Ford Fox platform
|Ford Fox platform|
|Manufacturer||Ford Motor Company|
|Body and chassis|
Personal luxury car
|Body style(s)||two-door convertible|
five-door station wagon
|Wheelbase||100.5–108.5 in (2,550–2,760 mm)|
|Predecessor||Ford Falcon platform (Ford Maverick/Ford Granada/Mercury Comet/Mercury Monarch)|
Ford Pinto platform (Ford Mustang II)
Ford Torino platform (Ford LTD II/Ford Thunderbird/Mercury Cougar)
Ford Panther platform (Lincoln Continental/Continental Mark VI)
|Successor||Ford SN-95 platform|
Ford D2C platform
Ford MN12 platform
Ford DN5 platform
Ford CE14 platform
The Ford Fox platform is an automobile platform that was used by Ford Motor Company. Introduced for compact sedans in the 1978 model year, the Fox architecture was utilized for a wide variety of configurations for Ford and Lincoln-Mercury vehicles. In its original form, the platform was used through the 1993 model year; a substantial redesign of the Ford Mustang extended its life into the 21st century, ending production in 2004. Produced across 26 model years, the Fox platform is the second-longest car architecture ever designed by Ford Motor Company (behind the Panther platform, 33 model years).
Designed to be relatively lightweight and simple, the Fox platform was initially developed to replace several derivatives of the Ford Falcon compact architecture dating from 1960. For 1978, the Ford Fairmont and Mercury Zephyr were the first models derived from the chassis, replacing the Ford Maverick and Mercury Comet. As downsizing expanded into the intermediate segment, the Fox platform came into use for mid-size applications, replacing the larger Ford Torino chassis. While best known for underpinning the Ford Mustang pony car, the Fox platform also saw use in personal luxury segments, underpinning coupes for all three Ford divisions.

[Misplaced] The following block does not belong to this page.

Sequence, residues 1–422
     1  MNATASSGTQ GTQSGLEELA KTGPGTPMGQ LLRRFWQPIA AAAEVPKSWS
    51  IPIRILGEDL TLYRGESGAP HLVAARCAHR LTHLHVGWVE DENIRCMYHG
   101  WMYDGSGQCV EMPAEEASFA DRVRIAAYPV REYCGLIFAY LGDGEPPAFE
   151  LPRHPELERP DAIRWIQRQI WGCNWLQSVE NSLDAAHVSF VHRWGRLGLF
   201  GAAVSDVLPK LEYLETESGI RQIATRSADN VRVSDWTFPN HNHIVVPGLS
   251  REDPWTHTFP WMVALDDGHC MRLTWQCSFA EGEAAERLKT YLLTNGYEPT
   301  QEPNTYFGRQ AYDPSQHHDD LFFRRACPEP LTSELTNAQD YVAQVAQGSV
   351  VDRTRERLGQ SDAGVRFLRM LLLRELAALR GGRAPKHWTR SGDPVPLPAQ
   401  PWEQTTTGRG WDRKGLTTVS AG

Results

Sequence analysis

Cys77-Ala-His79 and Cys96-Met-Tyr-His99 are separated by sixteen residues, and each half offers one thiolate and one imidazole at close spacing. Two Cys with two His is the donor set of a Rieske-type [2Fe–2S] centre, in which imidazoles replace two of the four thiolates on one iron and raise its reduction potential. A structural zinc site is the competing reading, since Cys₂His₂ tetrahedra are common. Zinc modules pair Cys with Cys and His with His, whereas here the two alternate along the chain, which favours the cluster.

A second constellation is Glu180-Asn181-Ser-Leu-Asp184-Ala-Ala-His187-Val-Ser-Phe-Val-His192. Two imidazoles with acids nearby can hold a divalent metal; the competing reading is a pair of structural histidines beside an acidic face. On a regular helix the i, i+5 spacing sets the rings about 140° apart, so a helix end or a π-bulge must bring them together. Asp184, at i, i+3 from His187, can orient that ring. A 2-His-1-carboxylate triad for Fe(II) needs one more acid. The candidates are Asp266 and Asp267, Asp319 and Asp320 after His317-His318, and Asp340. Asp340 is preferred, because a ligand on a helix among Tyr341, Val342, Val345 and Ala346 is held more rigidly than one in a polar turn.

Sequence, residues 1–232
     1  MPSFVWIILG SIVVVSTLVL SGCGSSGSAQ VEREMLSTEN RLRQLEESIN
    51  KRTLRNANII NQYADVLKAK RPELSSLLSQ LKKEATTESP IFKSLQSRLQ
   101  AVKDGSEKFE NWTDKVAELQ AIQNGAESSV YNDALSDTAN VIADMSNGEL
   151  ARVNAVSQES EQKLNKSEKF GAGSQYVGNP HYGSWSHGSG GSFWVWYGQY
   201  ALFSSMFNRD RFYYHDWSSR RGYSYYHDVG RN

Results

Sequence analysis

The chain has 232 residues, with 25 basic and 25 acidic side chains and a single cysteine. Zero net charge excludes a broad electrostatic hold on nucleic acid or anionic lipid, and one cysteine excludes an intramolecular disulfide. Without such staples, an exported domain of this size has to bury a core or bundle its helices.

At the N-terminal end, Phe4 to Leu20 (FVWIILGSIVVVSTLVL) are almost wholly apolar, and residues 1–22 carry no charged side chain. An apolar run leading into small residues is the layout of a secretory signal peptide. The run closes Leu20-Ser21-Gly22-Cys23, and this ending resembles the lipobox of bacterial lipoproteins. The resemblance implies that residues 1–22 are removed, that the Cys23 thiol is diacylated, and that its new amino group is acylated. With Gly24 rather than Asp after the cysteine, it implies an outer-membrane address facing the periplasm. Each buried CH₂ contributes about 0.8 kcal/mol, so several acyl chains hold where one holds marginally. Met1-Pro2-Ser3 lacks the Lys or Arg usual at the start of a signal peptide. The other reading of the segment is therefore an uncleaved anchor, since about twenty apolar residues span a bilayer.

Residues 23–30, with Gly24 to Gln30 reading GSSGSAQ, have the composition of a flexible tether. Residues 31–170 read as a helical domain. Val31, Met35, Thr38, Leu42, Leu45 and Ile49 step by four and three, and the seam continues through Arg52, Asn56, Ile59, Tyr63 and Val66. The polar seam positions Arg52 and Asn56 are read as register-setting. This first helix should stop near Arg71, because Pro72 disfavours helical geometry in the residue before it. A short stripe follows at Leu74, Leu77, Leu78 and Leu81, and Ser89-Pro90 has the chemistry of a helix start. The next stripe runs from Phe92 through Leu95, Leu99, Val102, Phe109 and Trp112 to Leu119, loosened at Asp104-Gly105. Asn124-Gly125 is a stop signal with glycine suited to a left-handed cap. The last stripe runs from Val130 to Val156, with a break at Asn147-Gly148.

During the mid-1980s, the usage of the Fox platform began to decline as Ford transitioned its compact and mid-size vehicle lines to front-wheel drive. After the 1992 model year, the Ford Mustang was the sole model to use the chassis. For 2005, the fifth-generation Ford Mustang adopted the rear-wheel drive D2C platform, the fifth and final vehicle architecture developed as a Fox-platform replacement.
Background and development
In the American automotive industry, 1973 marked a significant period of transition. In May, the EPA released the first comprehensive list of fuel economy data; in addition for providing information for consumers, the data was required to establish protocols for CAFE and gas-guzzler taxes.: 150  October 1973 marked the beginning of the first 1970s oil crisis, leading gas prices to increase to US$.55 (equivalent to $3.36 in 2021) per gallon.
Under chairman/CEO Henry Ford II and president Lee Iaccoca, several changes were made at the executive level of Ford Motor Company. William O. Bourke, ex-chairman of Ford of Europe and one-time managing director of Ford of Australia, was made executive vice president of North American Operations; Robert Alexander, previously with Ford of Europe as vice president in charge of car development, was moved to same position in the United States.: 112 Hal Sperlich was Ford Vice President of Product Planning and Research.
A proponent of downsizing, Sperlich conceived of a "World Car" that could be sold in both Europe and North America as a solution to the needs of the various divisions.: 150, 151 At the time, the Ford small-car product line included the subcompact Pinto and the Mustang II and the compact Maverick; while the Mustang II was several months from release, the Maverick was derived from the Falcon. Lincoln-Mercury sold no small cars of its own, importing the Capri from Ford of Europe. Ford of Europe sold the Escort as its smallest car; Ford UK sold the Cortina while Ford of Germany sold the Taunus: 151
Fox platform development
In December 1973, Lee Iacocca formally approved development of the Fox platform.: 96 Sharing its name with the Audi Fox (although not named after it), Ford executives experienced with the automotive industry outside the United States sought to benchmark a new design from a popular European subcompact design.: 165, 166
Development started in early 1973 on both a short-wheelbase version to replace the Pinto/Cortina/Taunus lines and a long-wheelbase version that would become the Fairmont.: 151 Although the Fairmont would be the first Fox-based car to reach the market, development was guided by an anticipated sport coupe to be based on the new platform.: 99